Since the beginning of this year, the domestic currency has slided by some 14 odd percent and this has saw the RBI to step in several times and launch ways such as increase in import duty as well as easing of foreign borrowings, but with no respite.
And this time again RBI has intervened to stem continuous slide in rupee and scheduled a monetary policy meet. Soon after it, foreign exchange reserves saw the biggest decline in seven years time as the central bank against market expectations kept the key policy rate unchanged at 6.5% and said that action on rupee will be taken only after accounting for its impact on inflation.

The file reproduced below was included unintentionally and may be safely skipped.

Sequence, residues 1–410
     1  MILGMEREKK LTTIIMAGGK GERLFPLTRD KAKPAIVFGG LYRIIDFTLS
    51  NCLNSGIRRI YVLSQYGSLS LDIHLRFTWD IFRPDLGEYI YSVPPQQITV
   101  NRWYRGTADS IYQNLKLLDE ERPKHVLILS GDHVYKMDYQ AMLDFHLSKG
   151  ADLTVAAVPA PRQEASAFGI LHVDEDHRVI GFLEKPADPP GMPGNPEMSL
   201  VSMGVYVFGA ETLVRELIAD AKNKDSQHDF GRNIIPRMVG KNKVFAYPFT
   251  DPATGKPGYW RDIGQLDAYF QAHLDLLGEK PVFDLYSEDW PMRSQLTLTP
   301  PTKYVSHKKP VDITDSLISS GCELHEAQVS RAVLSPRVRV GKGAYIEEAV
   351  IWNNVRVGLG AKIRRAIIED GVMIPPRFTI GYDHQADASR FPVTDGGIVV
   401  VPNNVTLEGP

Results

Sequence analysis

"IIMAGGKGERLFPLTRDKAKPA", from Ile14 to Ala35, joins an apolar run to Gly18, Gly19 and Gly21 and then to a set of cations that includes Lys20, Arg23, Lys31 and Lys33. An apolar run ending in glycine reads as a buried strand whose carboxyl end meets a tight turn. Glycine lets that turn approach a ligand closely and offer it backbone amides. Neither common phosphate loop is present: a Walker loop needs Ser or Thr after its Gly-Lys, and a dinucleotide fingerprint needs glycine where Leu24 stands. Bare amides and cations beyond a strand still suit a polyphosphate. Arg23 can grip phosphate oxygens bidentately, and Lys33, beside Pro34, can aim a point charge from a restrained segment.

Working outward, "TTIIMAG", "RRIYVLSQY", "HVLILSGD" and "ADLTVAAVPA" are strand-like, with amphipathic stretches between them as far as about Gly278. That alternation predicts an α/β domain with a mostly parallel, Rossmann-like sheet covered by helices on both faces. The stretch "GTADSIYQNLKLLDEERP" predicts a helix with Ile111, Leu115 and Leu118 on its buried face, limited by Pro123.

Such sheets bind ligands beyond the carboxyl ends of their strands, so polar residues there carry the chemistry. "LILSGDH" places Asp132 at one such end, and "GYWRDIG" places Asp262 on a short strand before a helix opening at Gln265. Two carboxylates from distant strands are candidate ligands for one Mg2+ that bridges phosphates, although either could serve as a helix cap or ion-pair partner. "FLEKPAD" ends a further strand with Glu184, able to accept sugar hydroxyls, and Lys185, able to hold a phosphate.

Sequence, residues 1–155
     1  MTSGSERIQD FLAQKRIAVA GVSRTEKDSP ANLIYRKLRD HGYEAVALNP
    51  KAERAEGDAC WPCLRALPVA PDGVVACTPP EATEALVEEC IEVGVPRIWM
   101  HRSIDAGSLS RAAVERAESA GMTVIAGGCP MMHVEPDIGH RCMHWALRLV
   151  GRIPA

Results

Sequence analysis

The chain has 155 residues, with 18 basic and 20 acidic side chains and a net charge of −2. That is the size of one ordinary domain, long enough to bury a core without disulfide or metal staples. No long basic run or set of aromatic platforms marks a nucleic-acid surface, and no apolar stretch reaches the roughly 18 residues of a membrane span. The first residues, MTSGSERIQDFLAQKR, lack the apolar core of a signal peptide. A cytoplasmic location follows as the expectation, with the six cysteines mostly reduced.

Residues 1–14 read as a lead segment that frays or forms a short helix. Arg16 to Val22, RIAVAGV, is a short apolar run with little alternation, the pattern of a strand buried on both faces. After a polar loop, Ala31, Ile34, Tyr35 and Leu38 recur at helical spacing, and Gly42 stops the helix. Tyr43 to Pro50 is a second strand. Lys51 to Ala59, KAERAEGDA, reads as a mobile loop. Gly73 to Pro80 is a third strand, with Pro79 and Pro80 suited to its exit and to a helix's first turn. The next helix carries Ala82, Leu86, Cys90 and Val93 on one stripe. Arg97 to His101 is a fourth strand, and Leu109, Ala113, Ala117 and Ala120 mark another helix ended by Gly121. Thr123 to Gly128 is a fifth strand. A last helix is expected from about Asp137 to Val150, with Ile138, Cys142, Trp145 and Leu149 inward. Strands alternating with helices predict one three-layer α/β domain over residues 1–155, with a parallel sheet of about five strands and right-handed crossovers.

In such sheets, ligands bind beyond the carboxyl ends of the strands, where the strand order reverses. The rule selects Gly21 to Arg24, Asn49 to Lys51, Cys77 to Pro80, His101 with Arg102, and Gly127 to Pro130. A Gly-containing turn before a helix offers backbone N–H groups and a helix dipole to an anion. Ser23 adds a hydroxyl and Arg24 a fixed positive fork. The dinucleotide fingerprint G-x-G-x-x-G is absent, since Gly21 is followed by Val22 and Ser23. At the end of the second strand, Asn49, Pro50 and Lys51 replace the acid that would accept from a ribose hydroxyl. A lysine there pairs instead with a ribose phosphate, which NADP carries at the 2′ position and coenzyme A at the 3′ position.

For the week ended October 12, forex reserves slumped by over $5 billion to $394.46 billion, the steepest drag in reserves since November 2011.
On October 11, rupee hit its life-time low of 74.42 per US dollar but following week it gained on the back of losses in crude oil price. In Friday's session, rupee closed 73.3250, with a gain of 28 paise.
Currency analysts in the wake of rupee's continuous slide has further revised their downward forecast for the rupee lower, which is seen hitting 76 mark by the current year end.